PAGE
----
On (Avenida) Santa Fe, one of the business roads, on number 1860, there is an amazing bookshop in what was once a theatre, El Ateneo Grand Splendid. They also have a café, on what was the stage.
Even further away from 9 de Julio, you come to Palermo, a part of Buenos Aires where you live if you are on the wealthy side of life. There are nice parks, the botanic garden, even more beautiful embassies and the famous rose garden.
Retiro is (mainly) on the other side of 9 de Julio. The park Plaza San Martin is home to a curious clock tower, similar to Big Ben in London, a gift from the British community; today ironically just across the street from the war monument commemorating the Falklands / Malvinas war.
This is also a busy shopping district, famous, yes, but, well, shopping is shopping, and with more big office buildings than on the Recoleta side.
Continuing through Retiro down towards the river you come to…
It has nothing to do with wood (madera) but is named after the person who was put in charge of building a new harbour for Buenos Aires in the late 19th century, Eduardo Madero. With time it became a grubby and neglected harbour area, like so often. But since the end of the 20th century, a huge redevelopment effort has transformed the old harbour into a shining new part of Buenos Aires with offices, apartment buildings, hotels and shops.
On the land side (Avenida Ing. Huergo) many old warehouses have been converted into restaurants and cafés, often with a nice view over the water on the riverside, or not really the riverside since it is closed docks. Some beautiful old ships usually lie in the dock; also note the spectacular bridge by Santiago Calatrava, the Woman’s Bridge, Puente de la Mujer.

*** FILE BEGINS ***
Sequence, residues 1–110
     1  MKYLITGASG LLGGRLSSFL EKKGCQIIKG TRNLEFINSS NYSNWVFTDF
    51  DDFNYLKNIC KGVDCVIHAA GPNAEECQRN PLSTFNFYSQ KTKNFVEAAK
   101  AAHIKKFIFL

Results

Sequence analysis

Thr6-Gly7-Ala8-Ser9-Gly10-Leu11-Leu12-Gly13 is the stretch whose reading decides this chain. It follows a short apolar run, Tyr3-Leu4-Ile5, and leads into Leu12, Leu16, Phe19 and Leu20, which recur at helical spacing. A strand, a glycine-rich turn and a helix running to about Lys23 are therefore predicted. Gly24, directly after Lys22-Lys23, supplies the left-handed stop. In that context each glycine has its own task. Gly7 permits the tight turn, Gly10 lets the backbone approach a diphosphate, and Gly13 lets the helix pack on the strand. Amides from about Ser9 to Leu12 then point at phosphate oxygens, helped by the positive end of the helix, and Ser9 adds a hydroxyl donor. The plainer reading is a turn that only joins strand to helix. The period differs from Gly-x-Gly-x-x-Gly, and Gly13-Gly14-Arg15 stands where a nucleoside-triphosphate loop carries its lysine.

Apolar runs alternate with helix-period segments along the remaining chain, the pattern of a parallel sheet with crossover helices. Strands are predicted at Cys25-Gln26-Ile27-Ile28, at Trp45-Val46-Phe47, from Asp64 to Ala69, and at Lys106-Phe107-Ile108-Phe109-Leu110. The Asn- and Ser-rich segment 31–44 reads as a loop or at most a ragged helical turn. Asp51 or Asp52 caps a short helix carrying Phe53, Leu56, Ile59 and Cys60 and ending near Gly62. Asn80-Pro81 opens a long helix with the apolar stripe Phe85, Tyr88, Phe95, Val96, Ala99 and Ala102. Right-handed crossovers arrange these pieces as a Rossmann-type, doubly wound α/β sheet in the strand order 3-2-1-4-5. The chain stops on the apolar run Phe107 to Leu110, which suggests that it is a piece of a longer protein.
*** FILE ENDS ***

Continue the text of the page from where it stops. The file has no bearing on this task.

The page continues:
Plaza de Mayo
Continuing south and returning into the city you come to Plaza de Mayo, if anything is, this is the central square of Buenos Aires, at least politically and administratively. On one end you have the president’s Casa Rosada and at the other end the Cathedral Metropolitana (not very impressive from the outside), as well as the curious old building housing the historic museum, and many other “official” buildings around the square.
On the square, you have a group of permanent protesters who want the disappearances that happened during a violent distant era to be investigated the Madres de Plaza de Mayo (Mothers of the Plaza). The square is often the scene for demonstrations that can sometimes become a bit violent.
Continuing south we come to San Telmo. This is a quite charming district with not so many modern buildings and high-rises. It is famous for its antiques and bric-a-brac shops. You find many in the area around Plaza Dorrego. You can also find plenty of restaurants here. Some other parts of San Telmo (not necessarily very far away) are rather more “rustic” though.